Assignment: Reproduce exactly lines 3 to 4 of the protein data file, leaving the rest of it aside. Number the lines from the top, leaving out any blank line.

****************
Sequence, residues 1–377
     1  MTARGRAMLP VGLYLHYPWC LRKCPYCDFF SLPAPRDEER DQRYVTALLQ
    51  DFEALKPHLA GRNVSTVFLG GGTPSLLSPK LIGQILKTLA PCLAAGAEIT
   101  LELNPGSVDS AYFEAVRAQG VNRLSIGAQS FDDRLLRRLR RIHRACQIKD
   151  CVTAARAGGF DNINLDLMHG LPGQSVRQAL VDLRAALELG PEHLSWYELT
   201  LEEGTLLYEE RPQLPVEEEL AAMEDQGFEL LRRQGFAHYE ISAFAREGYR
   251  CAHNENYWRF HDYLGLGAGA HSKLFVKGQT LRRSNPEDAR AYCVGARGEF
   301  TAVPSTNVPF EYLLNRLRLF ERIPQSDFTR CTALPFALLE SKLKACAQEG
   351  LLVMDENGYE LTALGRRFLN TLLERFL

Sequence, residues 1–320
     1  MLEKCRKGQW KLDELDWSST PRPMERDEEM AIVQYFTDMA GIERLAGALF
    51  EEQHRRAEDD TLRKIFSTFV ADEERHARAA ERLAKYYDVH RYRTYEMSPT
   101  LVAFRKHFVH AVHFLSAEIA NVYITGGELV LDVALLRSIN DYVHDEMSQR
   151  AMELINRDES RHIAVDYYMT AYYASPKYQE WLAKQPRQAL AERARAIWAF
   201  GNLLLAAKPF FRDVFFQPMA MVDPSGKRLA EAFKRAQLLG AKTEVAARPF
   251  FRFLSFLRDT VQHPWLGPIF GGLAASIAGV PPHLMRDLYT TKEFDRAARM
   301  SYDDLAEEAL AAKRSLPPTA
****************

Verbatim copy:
    51  DFEALKPHLA GRNVSTVFLG GGTPSLLSPK LIGQILKTLA PCLAAGAEIT
   101  LELNPGSVDS AYFEAVRAQG VNRLSIGAQS FDDRLLRRLR RIHRACQIKD